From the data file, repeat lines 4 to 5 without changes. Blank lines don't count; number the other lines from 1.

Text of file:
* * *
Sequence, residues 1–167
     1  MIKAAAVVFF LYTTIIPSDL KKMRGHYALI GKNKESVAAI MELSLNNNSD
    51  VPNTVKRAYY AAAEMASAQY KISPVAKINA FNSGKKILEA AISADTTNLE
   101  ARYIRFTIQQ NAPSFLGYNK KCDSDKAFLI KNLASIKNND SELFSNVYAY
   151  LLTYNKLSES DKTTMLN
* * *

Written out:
   101  ARYIRFTIQQ NAPSFLGYNK KCDSDKAFLI KNLASIKNND SELFSNVYAY
   151  LLTYNKLSES DKTTMLN